Sony's Future Lab is a R&D group responsible for taking crazy ideas into the prototype phase, and one impressive vision shown here at SXSW in Austin this week is a projector that turns any flat surface into a screen for light to play on. The "Interactive Tabletop" concept uses depth sensors and motion tracking to know when objects are placed on the table and even bring storybooks to life. The project looks like a fully realized version of the augmented reality coffee table inventor and technologist Bastian Broecker constructed back in 2012 using a PlayStation Eye camera and a Microsoft Kinect sensor.
Sony programmed its prototype to recognize a copy of Lewis Carroll classic Alice in Wonderland. When the company's representative opens the book, it springs to life with animations that can be dragged off the page and then used to interact with a nearby physical objects like a teacup or deck of playing cards. The tabletop also responds to any finger press by tracking the direction of your hand, while hovering your fingers over any portion of the surface highlights the grid of light the projector uses to monitor your movements.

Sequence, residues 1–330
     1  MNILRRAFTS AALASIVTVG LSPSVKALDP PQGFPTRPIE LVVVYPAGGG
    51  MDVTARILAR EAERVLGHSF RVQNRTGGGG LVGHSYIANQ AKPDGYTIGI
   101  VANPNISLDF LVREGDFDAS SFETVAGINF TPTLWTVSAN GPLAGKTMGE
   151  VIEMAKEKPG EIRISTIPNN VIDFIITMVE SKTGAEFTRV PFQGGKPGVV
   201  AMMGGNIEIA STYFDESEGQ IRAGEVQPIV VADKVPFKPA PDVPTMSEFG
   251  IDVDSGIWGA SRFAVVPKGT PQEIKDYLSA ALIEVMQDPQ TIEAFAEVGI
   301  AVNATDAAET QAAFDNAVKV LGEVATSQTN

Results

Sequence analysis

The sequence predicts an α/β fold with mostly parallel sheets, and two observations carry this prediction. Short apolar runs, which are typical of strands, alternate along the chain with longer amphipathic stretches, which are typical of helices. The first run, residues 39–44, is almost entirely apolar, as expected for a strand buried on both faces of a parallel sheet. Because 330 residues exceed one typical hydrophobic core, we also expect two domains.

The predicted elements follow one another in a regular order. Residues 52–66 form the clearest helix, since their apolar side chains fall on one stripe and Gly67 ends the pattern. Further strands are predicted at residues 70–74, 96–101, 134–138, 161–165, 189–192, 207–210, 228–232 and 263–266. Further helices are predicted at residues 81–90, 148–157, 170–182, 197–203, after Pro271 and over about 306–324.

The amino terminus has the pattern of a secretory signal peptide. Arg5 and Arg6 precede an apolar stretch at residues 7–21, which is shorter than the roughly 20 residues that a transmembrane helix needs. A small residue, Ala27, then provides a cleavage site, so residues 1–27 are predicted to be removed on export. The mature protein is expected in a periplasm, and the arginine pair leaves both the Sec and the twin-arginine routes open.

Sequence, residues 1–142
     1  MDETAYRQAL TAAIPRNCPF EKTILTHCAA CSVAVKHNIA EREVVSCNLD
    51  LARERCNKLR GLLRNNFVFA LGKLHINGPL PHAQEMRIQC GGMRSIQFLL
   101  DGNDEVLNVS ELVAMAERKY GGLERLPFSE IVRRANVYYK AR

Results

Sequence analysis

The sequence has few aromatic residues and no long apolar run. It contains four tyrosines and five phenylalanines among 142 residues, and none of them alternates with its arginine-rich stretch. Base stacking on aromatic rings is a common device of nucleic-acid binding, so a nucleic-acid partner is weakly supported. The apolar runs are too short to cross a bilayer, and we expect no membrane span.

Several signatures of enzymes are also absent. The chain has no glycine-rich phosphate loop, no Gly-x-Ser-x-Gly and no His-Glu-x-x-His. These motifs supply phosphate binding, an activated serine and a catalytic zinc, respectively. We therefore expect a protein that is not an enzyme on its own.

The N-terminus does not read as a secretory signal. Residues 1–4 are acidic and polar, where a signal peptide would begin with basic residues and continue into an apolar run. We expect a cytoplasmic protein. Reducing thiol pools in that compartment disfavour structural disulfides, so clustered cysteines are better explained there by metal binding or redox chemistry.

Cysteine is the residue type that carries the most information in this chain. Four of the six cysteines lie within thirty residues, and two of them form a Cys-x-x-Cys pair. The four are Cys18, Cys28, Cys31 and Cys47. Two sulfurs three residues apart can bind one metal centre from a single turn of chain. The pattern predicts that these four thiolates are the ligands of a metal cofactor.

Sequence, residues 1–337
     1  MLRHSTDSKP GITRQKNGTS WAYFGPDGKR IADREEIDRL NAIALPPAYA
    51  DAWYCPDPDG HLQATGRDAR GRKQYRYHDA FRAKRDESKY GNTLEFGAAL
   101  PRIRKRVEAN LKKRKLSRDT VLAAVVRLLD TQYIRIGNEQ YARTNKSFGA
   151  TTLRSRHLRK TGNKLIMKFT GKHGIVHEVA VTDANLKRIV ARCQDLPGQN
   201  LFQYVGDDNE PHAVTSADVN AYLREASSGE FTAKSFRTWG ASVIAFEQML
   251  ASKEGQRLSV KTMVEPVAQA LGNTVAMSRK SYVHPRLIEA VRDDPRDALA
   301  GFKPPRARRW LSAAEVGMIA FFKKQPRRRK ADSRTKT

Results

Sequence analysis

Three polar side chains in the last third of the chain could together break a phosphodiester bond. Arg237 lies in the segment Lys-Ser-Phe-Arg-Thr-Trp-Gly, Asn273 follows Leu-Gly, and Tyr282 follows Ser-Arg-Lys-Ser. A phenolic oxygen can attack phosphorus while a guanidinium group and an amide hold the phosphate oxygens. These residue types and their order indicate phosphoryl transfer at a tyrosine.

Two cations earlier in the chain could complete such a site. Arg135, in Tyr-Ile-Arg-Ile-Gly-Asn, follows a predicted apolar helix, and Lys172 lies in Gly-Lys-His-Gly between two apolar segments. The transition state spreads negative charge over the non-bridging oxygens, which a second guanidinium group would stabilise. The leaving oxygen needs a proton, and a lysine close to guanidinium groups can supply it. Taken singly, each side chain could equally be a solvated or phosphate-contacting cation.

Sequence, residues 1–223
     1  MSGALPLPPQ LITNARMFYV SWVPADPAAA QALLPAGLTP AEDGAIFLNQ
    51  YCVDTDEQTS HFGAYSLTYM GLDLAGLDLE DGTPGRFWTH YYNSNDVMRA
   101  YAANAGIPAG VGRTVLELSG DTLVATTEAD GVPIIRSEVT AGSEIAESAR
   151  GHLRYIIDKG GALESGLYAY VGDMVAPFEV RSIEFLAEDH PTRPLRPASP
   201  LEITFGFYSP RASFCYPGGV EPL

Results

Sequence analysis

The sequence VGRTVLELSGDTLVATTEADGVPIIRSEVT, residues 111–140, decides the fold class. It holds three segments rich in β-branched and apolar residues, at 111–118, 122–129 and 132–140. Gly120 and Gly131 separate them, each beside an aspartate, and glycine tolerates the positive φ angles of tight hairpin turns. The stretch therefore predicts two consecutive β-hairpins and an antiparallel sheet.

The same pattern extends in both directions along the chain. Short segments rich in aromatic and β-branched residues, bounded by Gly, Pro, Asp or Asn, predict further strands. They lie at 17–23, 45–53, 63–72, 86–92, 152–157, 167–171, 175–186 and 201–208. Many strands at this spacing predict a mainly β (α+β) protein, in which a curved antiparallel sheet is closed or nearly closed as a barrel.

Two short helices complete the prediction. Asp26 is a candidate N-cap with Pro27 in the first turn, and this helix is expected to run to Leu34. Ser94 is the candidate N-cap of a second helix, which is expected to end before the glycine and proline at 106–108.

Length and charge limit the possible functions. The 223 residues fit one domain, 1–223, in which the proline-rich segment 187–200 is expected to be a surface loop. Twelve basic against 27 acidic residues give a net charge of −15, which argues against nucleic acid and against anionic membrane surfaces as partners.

Although its practicality right now seems limited, this kind of technology has huge potential. It's not hard to imagine Sony's device as an educational tool to turn novels or history books into animated interactive lessons — or just as a fun way to play games in any environment. More importantly, a projector like this could act as an intermediary between the screens we have now and the type of augmented reality and hologram-based tech we see in movies and promised with projects like Microsoft's HoloLens.
Sony is stressing that Future Lab projects are only prototypes, so it's unclear when we may see this make its way to classrooms or in the form of a consumer product. However, chances are something this cool will leave the lab at some point.
Correction: An earlier version of this post misstated the author of Alice's Adventures in Wonderland. It is not The Chronicles of Narnia author C.S. Lewis, but in fact Lewis Carroll. We regret the error.